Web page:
If it snows in London, it’s like a sprinkling of wet confectioner’s sugar. Frozen precipitation is to be expected during the winter season, yet Londoners seem completely unprepared. When I lived in the city, sidewalks turned to skating rinks as I walked to and from work in my far from suitable shoes.

So, yesterday as I sat on a flight from Boston, Massachusetts to London, the weather forecast for England caught my eye—cold, it said, snow flurries, frost, and the possibly of icy roads.

Now, instead of freaking out, I smiled. Years of living in northeastern America have given me a confidence I never had before. I can shovel snow and throw ice melt like a local. 2015 was the worst winter on record; I plowed through it like a pro. With a little bit of preparation we can be ready for the predictable. I know how to handle snow.

It would be easy for me to laugh and mock the efforts of my fellow British citizens as they slip and slide on one inch of snow when I can step sturdily in one hundred inches of snow. But, when we are experts, we should coach not condemn.

So, how do we prepare for the inevitable, not the improbable, in the seasons of life? Not what is unlikely to happen but what is likely to happen.

We can be ready for school, marriage, work, starting a family, raising kids, teenagers heading to college and leaving home, welcoming our children’s partners, becoming a grandparent and so on.

Being prepared means feeling confident we can do it instead of being apprehensive or fearful we’re inept.

So, here are three steps I think are useful for gaining confidence for the season, and so your next step doesn’t take you flying off your feet:

  1. A heap of observation. See how others do it and learn from their experiences. Since September all three of my children have gone to college. Yet, for years I’ve watched how my nieces and nephews—the children of my three older siblings—have gone off to college, taken jobs, got married, and started families. It’s given me assurance as I’ve settled my own children into their dorm rooms because I know what to expect.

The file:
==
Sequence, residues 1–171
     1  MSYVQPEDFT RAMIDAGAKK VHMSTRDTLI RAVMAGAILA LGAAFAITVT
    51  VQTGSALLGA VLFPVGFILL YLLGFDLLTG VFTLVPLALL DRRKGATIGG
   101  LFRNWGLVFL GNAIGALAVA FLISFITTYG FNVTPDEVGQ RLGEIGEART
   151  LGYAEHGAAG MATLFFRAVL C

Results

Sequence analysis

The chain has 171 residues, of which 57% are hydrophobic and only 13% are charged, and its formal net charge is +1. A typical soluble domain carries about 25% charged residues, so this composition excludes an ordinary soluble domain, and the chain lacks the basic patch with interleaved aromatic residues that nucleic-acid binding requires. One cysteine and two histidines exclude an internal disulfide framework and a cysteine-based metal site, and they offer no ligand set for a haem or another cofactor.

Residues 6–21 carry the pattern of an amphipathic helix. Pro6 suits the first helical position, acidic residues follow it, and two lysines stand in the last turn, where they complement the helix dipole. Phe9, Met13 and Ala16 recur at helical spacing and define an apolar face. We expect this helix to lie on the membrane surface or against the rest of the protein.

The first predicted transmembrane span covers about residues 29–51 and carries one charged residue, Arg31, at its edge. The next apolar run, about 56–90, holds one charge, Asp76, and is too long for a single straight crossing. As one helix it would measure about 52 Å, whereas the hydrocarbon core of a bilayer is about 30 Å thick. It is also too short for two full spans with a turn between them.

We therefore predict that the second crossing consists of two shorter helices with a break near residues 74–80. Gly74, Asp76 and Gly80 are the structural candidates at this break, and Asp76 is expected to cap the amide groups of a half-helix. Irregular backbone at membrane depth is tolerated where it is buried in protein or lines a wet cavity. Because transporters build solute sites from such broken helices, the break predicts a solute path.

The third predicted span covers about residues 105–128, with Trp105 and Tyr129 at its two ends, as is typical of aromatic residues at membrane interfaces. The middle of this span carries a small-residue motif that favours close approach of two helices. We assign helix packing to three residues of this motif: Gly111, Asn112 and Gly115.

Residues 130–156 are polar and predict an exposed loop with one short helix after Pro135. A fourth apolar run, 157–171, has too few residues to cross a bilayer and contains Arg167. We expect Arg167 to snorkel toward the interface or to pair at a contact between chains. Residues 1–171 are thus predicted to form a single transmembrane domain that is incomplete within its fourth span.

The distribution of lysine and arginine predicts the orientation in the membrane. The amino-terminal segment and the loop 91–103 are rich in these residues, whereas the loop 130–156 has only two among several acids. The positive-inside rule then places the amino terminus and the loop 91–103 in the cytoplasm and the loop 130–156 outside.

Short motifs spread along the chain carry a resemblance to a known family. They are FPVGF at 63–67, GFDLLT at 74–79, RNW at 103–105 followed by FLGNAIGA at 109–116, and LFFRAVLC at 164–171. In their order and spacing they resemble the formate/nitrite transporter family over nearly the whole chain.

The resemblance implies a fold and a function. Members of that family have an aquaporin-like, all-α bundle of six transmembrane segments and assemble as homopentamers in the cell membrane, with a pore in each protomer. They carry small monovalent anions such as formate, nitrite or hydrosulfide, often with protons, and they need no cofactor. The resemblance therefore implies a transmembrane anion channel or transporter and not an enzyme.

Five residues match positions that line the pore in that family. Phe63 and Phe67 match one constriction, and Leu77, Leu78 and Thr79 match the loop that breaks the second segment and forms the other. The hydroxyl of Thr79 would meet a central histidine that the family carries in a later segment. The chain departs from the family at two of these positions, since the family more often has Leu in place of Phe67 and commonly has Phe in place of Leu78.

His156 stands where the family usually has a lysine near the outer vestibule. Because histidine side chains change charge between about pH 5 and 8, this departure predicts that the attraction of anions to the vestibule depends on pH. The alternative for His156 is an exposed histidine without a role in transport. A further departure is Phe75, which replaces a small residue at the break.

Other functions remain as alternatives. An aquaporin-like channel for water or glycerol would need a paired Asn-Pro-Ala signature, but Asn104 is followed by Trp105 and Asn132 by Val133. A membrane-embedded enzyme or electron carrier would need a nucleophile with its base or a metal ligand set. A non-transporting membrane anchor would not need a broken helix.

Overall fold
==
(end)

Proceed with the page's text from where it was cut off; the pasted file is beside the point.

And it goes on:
I applied my heart to what I observed and learned a lesson from what I saw. Proverbs 24:32 (NIV)

  1. A ton of determination. We need to venture out and strive to do our best. We might slip over, but unless we try, we’ll never learn. And, don’t let scaremongers dictate how you feel. One person’s experience is not necessarily going to be your own.

Whatever your hand finds to do, do it with all your might. Ecclesiastes 9:10 (NIV)

  1. A little bit of faith. Sometimes the smallest things, like a sprinkling of snow, can trip us up. But have hope and optimism; seasons come and go.

The Lord is good, a refuge in times of trouble. He cares for those who trust in him.  Nahum 1:7 (NIV)

What season are you in and how can you be prepared?

[tagline_box link=”http://rachelbritton.wpengine.com/pzwchallenge/” button=”Learn More” title=”Join the Prayer Zone Workout Challenge” description=”If your plans for 2016 include improving your spiritual and physical health, join us for the Prayer Zone Workout Challenge and learn how to start meaningful heart conversations with God.”][/tagline_box]

Linking up with Suzie Eller at #LiveFree, Susan Mead at #DanceForJesus and Kelly Balarie at #RaRaLinkup

  • I love this! So true! I like your admonition to coach not condemn. I have so many friends who are just behind me in my stage of life. It feels good to be able to encourage them and to have someone to commiserate with 😉

  • {"email":"Email address invalid","url":"Website address invalid","required":"Required field missing"}


    Sign up to get your free e-book